Rene Silva, the voice of Rio's favelas

Rene Silva in the Complexo de Alemão, in the north of Rio de Janeiro in Brazil, in August 2019.
Rene Silva in the Complexo de Alemão, in the north of Rio de Janeiro in Brazil, in August 2019. RENE SILVA


He cannot walk 100 meters in the streets of his favela until he is stopped already. " Rene!, calls out this woman in a blue t-shirt, returning from shopping with her son. There's this hole full of water and garbage in the street over there … A neighbor caught dengue. Could you take a look at it? " Rene nods, the woman smiles, thanks and leaves. " People here trust me, they think I can help them ”, apologizes the young man, a little embarrassed.

Because in the Complexo de Alemão, a sprawling set of bricks and sheets bringing together thirteen slums and 70,000 inhabitants, in the north of Rio, Rene Silva is not just anyone. At 26, the founder of the newspaper Voz das Comunidades ("Voices of the communities") is one of the most famous figures in this district, but also of the other numerous favelas of the city, of which he has become over the years one of the most important spokesmen.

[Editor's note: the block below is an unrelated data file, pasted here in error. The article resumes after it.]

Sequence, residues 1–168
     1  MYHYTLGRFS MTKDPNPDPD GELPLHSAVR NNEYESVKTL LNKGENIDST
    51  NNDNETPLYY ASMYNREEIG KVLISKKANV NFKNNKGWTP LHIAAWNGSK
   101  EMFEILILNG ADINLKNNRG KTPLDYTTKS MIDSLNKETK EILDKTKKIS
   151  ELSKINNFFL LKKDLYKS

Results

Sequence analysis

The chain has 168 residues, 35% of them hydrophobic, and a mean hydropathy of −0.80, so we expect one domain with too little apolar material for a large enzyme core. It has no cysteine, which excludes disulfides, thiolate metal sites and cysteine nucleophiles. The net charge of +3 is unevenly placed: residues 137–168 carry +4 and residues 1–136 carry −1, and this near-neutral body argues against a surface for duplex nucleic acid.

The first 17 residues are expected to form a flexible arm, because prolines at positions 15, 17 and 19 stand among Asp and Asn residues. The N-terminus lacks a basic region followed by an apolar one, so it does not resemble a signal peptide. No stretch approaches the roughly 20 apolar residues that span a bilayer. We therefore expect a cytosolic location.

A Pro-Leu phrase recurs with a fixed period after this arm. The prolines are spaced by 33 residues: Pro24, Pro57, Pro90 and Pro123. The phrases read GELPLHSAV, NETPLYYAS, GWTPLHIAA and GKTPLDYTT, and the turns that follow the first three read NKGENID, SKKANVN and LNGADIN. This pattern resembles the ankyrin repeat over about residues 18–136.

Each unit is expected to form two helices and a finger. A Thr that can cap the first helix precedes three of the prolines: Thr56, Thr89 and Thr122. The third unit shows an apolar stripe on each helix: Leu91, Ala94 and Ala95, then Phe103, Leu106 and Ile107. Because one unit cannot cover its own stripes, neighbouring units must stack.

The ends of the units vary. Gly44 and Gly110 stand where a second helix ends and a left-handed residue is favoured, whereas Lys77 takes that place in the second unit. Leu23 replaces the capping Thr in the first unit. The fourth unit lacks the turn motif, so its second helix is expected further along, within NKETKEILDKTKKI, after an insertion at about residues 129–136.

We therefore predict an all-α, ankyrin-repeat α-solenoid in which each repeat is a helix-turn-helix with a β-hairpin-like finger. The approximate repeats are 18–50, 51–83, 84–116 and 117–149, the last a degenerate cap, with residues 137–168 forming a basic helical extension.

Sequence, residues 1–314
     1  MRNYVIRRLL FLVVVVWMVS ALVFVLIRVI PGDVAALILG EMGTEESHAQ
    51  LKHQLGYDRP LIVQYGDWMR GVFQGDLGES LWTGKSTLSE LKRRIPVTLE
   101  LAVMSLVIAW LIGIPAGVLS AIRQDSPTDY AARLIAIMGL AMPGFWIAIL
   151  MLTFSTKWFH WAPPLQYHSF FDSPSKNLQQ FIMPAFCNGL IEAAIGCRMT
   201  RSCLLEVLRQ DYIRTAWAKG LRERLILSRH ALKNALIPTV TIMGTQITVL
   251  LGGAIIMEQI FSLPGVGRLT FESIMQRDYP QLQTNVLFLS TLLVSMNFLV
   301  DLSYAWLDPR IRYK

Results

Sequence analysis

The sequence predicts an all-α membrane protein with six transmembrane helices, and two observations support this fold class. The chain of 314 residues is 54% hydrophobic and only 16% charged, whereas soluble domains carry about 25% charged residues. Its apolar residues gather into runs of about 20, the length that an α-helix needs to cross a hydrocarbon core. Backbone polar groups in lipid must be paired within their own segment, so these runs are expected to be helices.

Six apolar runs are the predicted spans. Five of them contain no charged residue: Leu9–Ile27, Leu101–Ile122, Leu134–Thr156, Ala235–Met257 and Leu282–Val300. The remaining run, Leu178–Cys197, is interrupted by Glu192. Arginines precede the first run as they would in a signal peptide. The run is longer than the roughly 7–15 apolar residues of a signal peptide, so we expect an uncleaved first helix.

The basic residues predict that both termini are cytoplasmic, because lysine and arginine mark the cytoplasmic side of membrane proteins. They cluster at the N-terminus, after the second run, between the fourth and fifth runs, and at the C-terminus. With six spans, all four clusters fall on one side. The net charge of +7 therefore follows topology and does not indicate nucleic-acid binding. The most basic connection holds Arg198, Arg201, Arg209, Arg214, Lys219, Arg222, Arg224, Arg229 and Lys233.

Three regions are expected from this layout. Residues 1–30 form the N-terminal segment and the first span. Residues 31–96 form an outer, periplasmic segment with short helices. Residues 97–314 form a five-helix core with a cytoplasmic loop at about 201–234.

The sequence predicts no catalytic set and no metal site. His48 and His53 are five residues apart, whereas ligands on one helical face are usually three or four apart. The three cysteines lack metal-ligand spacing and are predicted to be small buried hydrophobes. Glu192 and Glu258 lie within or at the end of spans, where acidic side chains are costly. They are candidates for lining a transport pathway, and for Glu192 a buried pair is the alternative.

Judge: with only five full-time journalists with an annual budget of 30,000 euros, the Voz is visited each month by 2 million Internet users and prints 15,000 copies. The free newspaper deals exclusively with problems in the working-class neighborhoods of Rio, where the newspaper has an unrivaled network of dozens of volunteers, hundreds of sources and informants.

"Something other than violence"

" We want to show something other than violence and death, which are the obsessions of the mainstream media ”insists Rene Silva, who receives on a scorching morning in March in the premises of his newspaper, a small semi-empty house, built at the foot of the morro (the "hill") do Alemão. Education, cleanliness, drugs, but also climate change, gender-based violence and today coronavirus: no subject escapes the Voz.

Pink T-shirt, blue jeans, short cut dreadlocks and a finely trimmed beard: the "red-chef" is a young black man, urban and trendy, even a little flirtatious. Despite the success, he never left his shy voice and his rough neighborhood. " I was born in Alemão, and I still live two blocks from the newspaper "says Rene Silva straight away.

Because this is where it all started – pretty bad. Rene grew up in the Adeus ("goodbye") sub-district, disputed by several gangs of drug traffickers: bullets regularly pass through the family living room and damage furniture. His father, street sweeper and alcoholic, dies when he is 6 years old. Her mother, a seamstress, finds a new spouse, who beats her and bangs hard on the children; Rene has a brother, today report to the Voz.


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